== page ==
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Wood Rot screen [WR] NEW!

Published: February 25th, 2015

Revised: March 27th, 2019

The fungi responsible for wood rot are not moulds in the conventional sense of the word. Wood rot fungi are typically members of the Basidiomycota. They are commonly categorized according to the physical changes they produce in colonized wood – a function of their physiological approach to wood degradation. Two main strategies are recognized:

Brown Rot

Brown rot fungi decompose wood by breaking down cellulose and hemicellulose. This type of decay results in shrinking of the wood, brown discoloration due to the lignin remaining more or less intact, and cracking along lines of weakness forming cube-shape pieces. Hence the names brown rot or cubical brown rot. True ‘dry’ rot is only caused by several brown rot fungi including Serpula lacrymans and Meruliporia incrassa. Dry rot is capable of traveling several meters through nutrient-free material such as concrete and brick in search of new wood to consume. This can result in widespread damage far from the original source of moisture.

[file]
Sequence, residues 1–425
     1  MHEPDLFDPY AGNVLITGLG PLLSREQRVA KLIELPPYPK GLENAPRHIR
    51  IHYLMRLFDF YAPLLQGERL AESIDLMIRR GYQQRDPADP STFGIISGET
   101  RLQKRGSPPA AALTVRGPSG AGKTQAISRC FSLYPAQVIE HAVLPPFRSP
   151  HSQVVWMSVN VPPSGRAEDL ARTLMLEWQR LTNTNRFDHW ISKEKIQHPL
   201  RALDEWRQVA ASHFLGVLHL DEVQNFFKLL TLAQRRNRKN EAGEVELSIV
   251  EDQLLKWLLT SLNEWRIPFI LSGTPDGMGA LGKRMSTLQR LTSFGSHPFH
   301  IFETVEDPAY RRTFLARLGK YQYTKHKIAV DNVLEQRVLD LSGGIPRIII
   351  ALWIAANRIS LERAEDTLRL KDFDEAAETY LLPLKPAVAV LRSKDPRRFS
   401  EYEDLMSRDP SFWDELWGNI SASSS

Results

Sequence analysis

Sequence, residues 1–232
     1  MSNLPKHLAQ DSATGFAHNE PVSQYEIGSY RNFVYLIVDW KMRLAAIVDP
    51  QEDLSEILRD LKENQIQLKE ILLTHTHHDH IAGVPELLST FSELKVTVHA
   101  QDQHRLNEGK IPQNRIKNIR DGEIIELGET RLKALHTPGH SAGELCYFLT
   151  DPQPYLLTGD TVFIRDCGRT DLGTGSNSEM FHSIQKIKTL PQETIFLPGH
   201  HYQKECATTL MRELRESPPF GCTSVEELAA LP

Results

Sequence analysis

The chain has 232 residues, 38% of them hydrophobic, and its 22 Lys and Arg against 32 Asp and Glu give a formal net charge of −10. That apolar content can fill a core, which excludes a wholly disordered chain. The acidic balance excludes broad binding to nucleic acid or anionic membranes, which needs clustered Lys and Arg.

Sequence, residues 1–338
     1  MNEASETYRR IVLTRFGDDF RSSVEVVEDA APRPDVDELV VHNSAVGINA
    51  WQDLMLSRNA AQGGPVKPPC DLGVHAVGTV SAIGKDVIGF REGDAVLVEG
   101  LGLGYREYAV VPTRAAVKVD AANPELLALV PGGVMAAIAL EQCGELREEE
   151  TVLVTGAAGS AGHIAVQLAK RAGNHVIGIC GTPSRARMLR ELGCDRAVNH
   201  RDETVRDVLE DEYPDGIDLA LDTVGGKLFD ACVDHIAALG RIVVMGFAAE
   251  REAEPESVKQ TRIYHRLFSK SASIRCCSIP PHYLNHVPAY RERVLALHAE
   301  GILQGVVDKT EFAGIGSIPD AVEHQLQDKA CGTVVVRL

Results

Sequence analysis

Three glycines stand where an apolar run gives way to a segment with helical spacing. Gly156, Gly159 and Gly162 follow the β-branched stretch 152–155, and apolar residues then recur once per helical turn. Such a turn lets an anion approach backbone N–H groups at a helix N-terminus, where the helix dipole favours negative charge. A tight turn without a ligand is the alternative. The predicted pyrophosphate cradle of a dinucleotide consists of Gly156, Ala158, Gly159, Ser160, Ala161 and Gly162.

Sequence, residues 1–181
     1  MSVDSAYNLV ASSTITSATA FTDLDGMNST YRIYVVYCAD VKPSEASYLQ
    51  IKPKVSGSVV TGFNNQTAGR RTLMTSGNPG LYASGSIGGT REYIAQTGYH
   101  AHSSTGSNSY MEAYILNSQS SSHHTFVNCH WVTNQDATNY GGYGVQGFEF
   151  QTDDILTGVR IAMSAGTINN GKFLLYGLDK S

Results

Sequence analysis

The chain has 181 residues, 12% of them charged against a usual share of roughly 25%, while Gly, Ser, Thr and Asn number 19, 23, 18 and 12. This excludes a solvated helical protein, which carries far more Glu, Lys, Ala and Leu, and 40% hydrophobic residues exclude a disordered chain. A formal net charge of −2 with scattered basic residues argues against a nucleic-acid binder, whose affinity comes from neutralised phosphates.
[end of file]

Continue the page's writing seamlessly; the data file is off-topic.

White Rot

White rot fungi mostly degrade lignin. Typically wood decayed by white rot fungi take on a fibrous appearance due to the wood breaking down into course fibres, and often the wood feels moist to the touch. Frequently tufts of light-brown / brownish-orange mycelium can be seen in the cracks of the decaying wood. By breaking down the lignin in wood, and leaving the lighter-colored cellulose behind wood decayed by white rot fungi characteristically becomes bleached in colour and stringy in appearance.

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Bacteroides sewage screen [BACT] NEW!

Published: February 25th, 2015

Revised: January 23rd, 2019

Bacteroides is a genus of gram-negative, obligate anaerobes that live symbiotically within mammalian gastrointestinal tracts. Species of Bacteroides are present in huge quantities in human feces and do not persist for very long outside of the gut. Their relationship with the guts of different mammalian hosts are so well defined, you can determine the type of mammalian feces by the species of Bacteroides present.

Bacteroides has become a fecal indicator of choice for assessing sewage contamination in the indoor environment. Not only are members of the genus more reliably present than coliforms in events of sewage contamination, but the obligate anerobic nature of these bacteria (unlike coliforms) mean they cannot replicate in the environment thereby reducing the potential for false positive results.

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